Seven years ago, I wrote an essay for Senior Women Web. On this day, the 4th of July, I was looking for something that had to do with Independence Day and found this. I hadn't thought of it in years, didn't in fact remember writing it, and still feel the same way.
So maybe I've been an old fogy for awhile now. Happy 4th of July to you. Have a great week. - Liz
My husband Duane and I watched CBS’s tribute to the late Walter Cronkite, one of the network’s most famous and revered alumni. I was as glued to this broadcast as I was when Cronkite went on the air in his shirtsleeves and reported the death of a president. I read his autobiographical book, A Reporter’s Life, years ago, but I’d forgotten his enthusiasm for the space program, and I found myself grinning along with him 40 years later.
We grew up with Cronkite telling us the news. Even when he showed emotion, as he did at JFK’s death and the first lunar landing, he didn’t tell us what to think about world events, just Who, What, When, Where and Why they had occurred.
We remember the Vietnam war that he reported on and his courage in how he reported. Duane was there; I was just a soldier’s girlfriend who was afraid to watch the news for fourteen months.
Watching the tribute program made us remember something else. No, maybe that’s the wrong word. It made us realize something else.
There’s no getting around the facts of the Vietnam War. Arguably, we shouldn’t have been there. Indisputably, we didn’t win it. Veterans who returned home from that war were treated abominably, one of the greatest shames in my memory. It was a war that began and was perpetuated under the leadership auspices of both major political parties. It ended sadly after 58,000 Americans had died.
It was sad then and it’s sad now, but what Duane and I realized is that though some people undoubtedly and often justifiably assign responsibility to certain people and circumstances, the history of the conflict itself has not been relegated to a blame game. The mistakes have not been reduced to finger-pointing.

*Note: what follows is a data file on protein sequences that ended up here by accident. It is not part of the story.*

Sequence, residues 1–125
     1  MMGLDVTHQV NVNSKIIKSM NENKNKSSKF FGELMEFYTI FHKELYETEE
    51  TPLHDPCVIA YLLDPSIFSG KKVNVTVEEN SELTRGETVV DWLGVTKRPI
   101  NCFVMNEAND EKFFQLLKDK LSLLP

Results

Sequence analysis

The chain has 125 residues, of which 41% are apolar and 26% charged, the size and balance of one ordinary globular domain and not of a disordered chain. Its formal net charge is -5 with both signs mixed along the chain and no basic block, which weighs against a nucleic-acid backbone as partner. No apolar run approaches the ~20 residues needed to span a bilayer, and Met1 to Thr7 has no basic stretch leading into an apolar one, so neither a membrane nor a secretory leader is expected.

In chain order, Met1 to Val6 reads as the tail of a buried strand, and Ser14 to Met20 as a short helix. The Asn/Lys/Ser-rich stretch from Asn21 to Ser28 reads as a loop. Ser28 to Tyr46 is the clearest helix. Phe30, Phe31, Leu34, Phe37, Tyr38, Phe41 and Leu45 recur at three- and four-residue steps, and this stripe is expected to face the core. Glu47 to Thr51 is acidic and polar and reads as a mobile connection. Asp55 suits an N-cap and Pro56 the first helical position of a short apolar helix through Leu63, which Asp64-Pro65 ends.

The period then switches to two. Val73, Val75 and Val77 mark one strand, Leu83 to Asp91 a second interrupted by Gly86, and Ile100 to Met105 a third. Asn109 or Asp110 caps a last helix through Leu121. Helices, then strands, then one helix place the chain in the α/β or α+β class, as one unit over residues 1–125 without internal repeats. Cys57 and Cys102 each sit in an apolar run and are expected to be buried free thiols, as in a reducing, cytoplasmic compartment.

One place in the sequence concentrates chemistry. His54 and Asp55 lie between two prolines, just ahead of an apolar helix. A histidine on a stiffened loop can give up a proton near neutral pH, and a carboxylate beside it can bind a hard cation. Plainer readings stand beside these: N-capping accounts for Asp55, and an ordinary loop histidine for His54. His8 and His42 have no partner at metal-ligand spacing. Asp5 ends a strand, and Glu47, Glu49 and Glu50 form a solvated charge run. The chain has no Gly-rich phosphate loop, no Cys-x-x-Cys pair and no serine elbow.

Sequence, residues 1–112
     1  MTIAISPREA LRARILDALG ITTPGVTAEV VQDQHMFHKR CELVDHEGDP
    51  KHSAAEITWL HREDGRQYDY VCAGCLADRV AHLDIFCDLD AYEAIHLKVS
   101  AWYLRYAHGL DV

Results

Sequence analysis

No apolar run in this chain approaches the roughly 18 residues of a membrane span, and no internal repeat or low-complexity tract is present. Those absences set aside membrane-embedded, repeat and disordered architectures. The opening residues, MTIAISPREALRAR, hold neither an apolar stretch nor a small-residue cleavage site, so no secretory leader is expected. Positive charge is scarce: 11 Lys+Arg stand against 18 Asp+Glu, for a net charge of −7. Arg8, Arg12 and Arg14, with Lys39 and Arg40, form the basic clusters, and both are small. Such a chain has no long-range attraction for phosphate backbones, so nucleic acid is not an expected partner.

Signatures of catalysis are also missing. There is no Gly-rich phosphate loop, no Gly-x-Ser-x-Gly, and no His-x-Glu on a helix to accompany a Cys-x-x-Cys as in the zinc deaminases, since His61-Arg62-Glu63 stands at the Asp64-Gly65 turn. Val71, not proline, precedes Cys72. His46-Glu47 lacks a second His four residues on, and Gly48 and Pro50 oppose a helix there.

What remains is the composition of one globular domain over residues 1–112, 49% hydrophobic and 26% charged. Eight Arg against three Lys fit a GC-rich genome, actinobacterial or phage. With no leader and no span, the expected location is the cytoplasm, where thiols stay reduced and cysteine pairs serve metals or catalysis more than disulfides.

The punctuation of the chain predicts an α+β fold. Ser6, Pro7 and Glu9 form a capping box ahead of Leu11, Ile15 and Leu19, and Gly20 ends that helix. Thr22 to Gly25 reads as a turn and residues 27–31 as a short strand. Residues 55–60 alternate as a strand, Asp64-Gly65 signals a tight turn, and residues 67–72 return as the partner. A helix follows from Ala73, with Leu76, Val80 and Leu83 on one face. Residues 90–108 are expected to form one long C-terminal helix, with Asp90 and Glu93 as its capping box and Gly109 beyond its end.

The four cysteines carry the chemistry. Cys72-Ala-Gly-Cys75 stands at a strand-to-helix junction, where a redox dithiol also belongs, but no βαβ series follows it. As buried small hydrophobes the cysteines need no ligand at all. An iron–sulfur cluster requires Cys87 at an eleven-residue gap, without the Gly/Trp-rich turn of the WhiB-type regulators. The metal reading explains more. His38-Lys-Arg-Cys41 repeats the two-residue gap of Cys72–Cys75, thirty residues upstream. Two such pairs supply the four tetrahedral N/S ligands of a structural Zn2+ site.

At our house, we are politically divergent; we cancel out each other’s vote as often as not, but we want the same things in life and we want the same things from our political leaders. We want them to be honest with us, to work hard, to do the right thing, and we want them to be responsible. It is not, no matter which side of the political aisle you’re on, always the other guy’s fault.
There is an old adage that says if you’re not part of the solution, you’re part of the problem. When political columnists take up their allotment of space blaming the ones who came before them or the ones who vote against them, what good does it do anyone? I am much more interested in how our representatives want to fix problems than I am in who they think caused them.
So who’s Somebody?
Well, guess what, folks. It’s you and me and the guy down the road whose dog barks half the night and drives you crazy. It’s the family with an annual income in seven figures and the other family whose yearly earnings barely make it into five. It’s the doctor, the insurance agent, the medical facility administrator and the patient. It’s the student, teacher, parent and school superintendent. If we want things to be different, it has to start with us.
I’d like nothing better than to give a definitive answer as to exactly where we should start, but the truth is I’m not informed enough. All most of us can do is the best we can. We can be proactive instead of reactive, positive instead of negative. Instead of telling the other guy everything he’s doing wrong, we can do what we know is right and see if we can find a way to work with those whose viewpoints differ from ours.
We can do it without editorializing, without pointing fingers. We can deal with facts instead of opinions. We can do it the way Walter Cronkite reported the news.
And that’s the way it is.